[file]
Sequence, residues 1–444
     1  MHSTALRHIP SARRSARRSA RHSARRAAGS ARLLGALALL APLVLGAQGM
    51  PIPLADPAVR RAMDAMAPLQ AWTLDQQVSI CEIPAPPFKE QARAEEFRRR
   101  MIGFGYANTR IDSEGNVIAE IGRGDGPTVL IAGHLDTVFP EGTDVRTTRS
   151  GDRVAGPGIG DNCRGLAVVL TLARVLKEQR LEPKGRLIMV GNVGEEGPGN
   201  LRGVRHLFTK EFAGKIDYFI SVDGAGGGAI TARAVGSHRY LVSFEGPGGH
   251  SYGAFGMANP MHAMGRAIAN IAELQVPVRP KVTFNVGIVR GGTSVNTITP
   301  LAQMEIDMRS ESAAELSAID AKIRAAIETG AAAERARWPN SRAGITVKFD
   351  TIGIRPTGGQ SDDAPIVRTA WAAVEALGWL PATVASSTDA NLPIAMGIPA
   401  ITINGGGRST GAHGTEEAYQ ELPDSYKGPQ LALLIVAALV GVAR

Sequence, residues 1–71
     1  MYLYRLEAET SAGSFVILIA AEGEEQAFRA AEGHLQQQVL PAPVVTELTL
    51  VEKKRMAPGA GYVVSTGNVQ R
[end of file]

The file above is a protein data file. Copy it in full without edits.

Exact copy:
Sequence, residues 1–444
     1  MHSTALRHIP SARRSARRSA RHSARRAAGS ARLLGALALL APLVLGAQGM
    51  PIPLADPAVR RAMDAMAPLQ AWTLDQQVSI CEIPAPPFKE QARAEEFRRR
   101  MIGFGYANTR IDSEGNVIAE IGRGDGPTVL IAGHLDTVFP EGTDVRTTRS
   151  GDRVAGPGIG DNCRGLAVVL TLARVLKEQR LEPKGRLIMV GNVGEEGPGN
   201  LRGVRHLFTK EFAGKIDYFI SVDGAGGGAI TARAVGSHRY LVSFEGPGGH
   251  SYGAFGMANP MHAMGRAIAN IAELQVPVRP KVTFNVGIVR GGTSVNTITP
   301  LAQMEIDMRS ESAAELSAID AKIRAAIETG AAAERARWPN SRAGITVKFD
   351  TIGIRPTGGQ SDDAPIVRTA WAAVEALGWL PATVASSTDA NLPIAMGIPA
   401  ITINGGGRST GAHGTEEAYQ ELPDSYKGPQ LALLIVAALV GVAR

Sequence, residues 1–71
     1  MYLYRLEAET SAGSFVILIA AEGEEQAFRA AEGHLQQQVL PAPVVTELTL
    51  VEKKRMAPGA GYVVSTGNVQ R